WASHINGTON, D.C. - The FBI has a problem – the same problem many private businesses have.
What do you do when some of the people you would like to hire – talented people who can get the job done – like to smoke marijuana?
After all, weed, grass, pot, ganja – whatever you want to call it – is legal for recreational use in two states, well on the way to becoming legal or a minor offense in other states and municipalities, and basically overlooked by police in a lot of locales where it technically is still against the law.
Bureau director James Comey says he is looking to hire about 2,000 staffers for the cybersecurity unit, but dope-smoking applicants are a problem.
“I have to hire a great work force to compete with those cybercriminals,” Comey told a crowd at the White Collar Crime Institute recently, “and some of those kids want to smoke weed on the way to the interview.”
Comey had to clarify what he meant after Sen. Jeff Sessions, R-Ala., wondered whether the nation’s top cop was signaling support for marijuana use.
"Do you understand that that could be interpreted as one more example of leadership in America dismissing the seriousness of marijuana use?" Sessions asked Comey during a Judiciary Committee hearing. "And that could undermine our ability to convince young people not to go down a dangerous path?"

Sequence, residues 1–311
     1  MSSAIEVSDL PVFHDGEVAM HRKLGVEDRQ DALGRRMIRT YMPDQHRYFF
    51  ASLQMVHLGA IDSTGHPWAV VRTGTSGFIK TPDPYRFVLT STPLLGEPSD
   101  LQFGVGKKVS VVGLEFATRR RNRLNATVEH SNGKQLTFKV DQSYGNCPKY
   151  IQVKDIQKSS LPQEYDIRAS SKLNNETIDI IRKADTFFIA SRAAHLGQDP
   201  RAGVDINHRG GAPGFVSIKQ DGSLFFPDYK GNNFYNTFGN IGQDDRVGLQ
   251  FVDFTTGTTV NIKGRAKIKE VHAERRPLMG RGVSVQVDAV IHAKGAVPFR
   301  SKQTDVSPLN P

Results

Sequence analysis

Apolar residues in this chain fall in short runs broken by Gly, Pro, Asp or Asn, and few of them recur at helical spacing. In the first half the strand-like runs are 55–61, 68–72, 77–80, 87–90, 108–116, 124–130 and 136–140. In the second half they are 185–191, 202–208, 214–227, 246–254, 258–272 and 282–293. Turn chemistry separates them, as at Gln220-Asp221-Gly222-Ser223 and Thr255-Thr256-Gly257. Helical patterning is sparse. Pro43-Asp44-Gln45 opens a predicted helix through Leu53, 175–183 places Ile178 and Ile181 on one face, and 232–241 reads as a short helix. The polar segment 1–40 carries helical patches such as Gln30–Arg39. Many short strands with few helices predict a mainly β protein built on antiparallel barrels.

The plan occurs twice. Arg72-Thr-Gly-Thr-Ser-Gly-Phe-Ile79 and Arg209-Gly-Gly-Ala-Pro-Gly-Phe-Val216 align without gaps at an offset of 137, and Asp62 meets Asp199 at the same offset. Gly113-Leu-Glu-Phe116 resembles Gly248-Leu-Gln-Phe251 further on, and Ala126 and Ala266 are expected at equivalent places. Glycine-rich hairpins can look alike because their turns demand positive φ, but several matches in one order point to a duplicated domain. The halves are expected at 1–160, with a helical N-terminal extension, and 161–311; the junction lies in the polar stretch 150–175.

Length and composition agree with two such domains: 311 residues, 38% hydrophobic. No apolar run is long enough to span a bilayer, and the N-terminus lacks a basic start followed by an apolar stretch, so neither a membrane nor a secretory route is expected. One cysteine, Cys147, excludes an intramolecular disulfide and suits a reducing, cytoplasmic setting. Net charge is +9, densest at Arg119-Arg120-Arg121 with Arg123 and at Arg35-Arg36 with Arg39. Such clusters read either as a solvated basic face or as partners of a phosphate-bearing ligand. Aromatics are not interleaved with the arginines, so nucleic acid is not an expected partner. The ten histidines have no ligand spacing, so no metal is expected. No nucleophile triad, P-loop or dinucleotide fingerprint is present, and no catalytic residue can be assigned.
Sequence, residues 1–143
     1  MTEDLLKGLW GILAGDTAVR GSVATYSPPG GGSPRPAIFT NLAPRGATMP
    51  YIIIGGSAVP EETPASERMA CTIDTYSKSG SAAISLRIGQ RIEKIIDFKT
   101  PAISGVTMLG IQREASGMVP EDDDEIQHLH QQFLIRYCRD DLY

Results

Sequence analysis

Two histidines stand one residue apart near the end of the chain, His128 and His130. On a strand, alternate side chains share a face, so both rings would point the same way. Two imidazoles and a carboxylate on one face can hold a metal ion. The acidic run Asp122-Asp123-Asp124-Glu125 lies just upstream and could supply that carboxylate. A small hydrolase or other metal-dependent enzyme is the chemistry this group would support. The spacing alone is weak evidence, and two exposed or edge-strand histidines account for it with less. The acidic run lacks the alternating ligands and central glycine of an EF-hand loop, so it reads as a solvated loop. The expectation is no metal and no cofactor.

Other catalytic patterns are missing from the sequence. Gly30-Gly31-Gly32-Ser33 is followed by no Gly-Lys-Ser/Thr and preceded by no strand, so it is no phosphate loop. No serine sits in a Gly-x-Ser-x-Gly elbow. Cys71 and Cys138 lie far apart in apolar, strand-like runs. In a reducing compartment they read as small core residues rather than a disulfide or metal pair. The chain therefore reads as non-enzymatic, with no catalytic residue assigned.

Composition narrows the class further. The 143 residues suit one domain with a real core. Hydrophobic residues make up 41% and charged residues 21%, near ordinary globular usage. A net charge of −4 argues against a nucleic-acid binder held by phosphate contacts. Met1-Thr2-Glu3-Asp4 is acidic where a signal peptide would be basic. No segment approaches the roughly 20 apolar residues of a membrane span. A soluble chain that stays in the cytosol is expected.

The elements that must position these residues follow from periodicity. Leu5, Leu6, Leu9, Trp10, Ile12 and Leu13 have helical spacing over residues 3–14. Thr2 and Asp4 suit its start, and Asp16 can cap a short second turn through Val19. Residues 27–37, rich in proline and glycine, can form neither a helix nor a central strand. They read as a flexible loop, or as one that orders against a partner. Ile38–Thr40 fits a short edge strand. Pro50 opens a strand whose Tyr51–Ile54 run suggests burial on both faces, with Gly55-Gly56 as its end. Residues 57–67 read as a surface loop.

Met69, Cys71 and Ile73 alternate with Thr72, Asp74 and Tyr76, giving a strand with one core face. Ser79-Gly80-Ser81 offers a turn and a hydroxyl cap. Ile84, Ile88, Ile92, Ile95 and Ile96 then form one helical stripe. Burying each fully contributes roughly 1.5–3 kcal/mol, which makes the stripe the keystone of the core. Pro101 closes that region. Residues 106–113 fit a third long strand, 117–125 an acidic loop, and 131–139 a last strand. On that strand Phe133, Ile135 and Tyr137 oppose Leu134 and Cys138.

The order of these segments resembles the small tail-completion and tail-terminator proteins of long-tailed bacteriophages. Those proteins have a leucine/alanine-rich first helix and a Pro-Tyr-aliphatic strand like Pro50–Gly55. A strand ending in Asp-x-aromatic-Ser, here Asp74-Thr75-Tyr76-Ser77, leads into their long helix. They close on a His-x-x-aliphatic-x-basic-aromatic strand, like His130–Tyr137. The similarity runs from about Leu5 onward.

The plan he is referring to is the FBI’s notoriously stringent hiring process. Among other things, you wouldn’t get the chance to play a real-life G-man if you have smoked wacky tabacky in the past three years.
To be sure, companies – and, yes, the FBI – can pretty much set any policies they want to regarding sobriety. That is, it’s legal to drink in every state in the Union, but that doesn’t mean you can show up at work drunk. Many employers have rules against that. Same with showing up stoned. It’s best avoided in the spirit of job security.
Employer drug testing is trickier. In the case of marijuana, it can measure what you’ve done on your own time days before taking the test, whether that activity was legal or not. (One of our colleagues here at Scripps News, Lee Bowman, wrote extensively about this earlier this year.)
Some companies realized a long time ago they can’t afford to cut out talented employees who enjoy a joint or two.
“There are industries like the tech industry where these policies (meaning testing) have never particularly gained prominence, largely because the employers have the understanding that marijuana in particular is a substance that enjoys popularity among the talent pool,” said Deputy Director Paul Armentano of National Organization for the Reform of Marijuana Laws.
But the FBI’s situation is intriguing.
Whether it’s a private company or the FBI, it’s an issue that’s not going away. As recreational use of marijuana is adopted in states, and smoking is more accepted, do employers need to change the way they view workers who use it?
But Armentano says don’t look to Washington for answers anytime soon because historically the federal government does not lead on drug policy, “it follows.”
We’ll have to wait and see.
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